By – Luanne Rice

The Shadow Box is a well written novel with developed characters and intense action & plotting. Luanne Rice is not a new writer so it was not normal  to see her being offered for a First Reads title; that by itself had me intrigued. Subsequent to perusing “The Shadow Box”, I can see reason why her book is here – it resembles a breakout title from the tired few she’s written in the past, (altho’ “last day” was fairly better)

The Shadow Box starts with a BANG and a fight as spouse attempts to kill wife and hangs her from the garage rafters, leaving her to dead. The rafters used was old, save her life and we’re off and limping into the exciting future as Claire scrambles to reveal the 5 W’s and 1 H of things.

There are 50 parts and majority of which are told from alternating point of views of the principle characters, (Claire, Sallie, Tom, Conor), and a couple of sprinkled sections denoting the entry of explicit time (3 days back, 5 days…). Almost immediately the book is an equilibrium of prose and dialogue while the heft of the characters are being created and the complexities of the plot are being spread out. It is a fine equilibrium as there are 2 secrets, from 2 diverse time spans woven through the pages. That they meet up is definitely not a major spoiler yet the how and who of things is a head shaking, twisty, psycho, mess of literary crazy; positively, if you like this kind.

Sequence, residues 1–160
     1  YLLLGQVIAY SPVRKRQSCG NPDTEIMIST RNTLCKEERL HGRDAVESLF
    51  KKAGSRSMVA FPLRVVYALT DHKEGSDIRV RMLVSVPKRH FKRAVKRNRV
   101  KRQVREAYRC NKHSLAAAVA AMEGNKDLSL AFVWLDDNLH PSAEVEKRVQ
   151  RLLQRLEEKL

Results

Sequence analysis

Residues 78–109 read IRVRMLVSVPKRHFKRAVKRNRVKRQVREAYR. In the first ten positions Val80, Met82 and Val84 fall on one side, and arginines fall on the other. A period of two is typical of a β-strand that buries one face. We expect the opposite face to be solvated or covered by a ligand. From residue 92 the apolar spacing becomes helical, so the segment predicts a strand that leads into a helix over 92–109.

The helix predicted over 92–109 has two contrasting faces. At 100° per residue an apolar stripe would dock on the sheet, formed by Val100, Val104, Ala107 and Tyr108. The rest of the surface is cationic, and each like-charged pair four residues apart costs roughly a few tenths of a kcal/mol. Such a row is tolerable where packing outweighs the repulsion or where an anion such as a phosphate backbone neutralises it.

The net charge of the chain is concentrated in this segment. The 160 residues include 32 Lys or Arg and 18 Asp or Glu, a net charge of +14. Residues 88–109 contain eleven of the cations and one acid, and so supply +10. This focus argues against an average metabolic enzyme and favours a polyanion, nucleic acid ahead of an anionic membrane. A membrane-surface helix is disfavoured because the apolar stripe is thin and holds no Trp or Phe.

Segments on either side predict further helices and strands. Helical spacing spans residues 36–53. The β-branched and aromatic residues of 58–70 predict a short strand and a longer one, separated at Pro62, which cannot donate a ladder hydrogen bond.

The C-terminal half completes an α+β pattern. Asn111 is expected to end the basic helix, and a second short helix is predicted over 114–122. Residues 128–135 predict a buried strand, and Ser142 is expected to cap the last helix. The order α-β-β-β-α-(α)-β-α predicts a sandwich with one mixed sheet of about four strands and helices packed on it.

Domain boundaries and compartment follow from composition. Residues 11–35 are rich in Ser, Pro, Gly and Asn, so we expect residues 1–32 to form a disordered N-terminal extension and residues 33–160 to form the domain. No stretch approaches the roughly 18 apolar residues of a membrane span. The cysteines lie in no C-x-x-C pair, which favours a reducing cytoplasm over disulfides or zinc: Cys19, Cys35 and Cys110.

As the story advances, it turns out to be more dialogue driven and the psychological angles arrive at their pinnacle. There are numerous social and financial issues tied up in this story, on the off chance that you decide to put them there. Or then again, you can suspend the “profound reading” and simply permit that these rich people have their own entitled image of insane and read for the delight of reading, in any case, there are issues and you can manage them, or not. Different subjects incorporate family, fellowship, legislative issues, network, dependability, truth and honesty.

Rice’s writing is illustrative however less that the violence or sexual substance gets needless. Language has unpleasant patches, including a couple of f-bombs, yet these are not many and utilized seemingly out of the blue, not much or utilized as literary fodder.

All in all “The Shadow Box” is a well written psychological, mystery, suspense novel.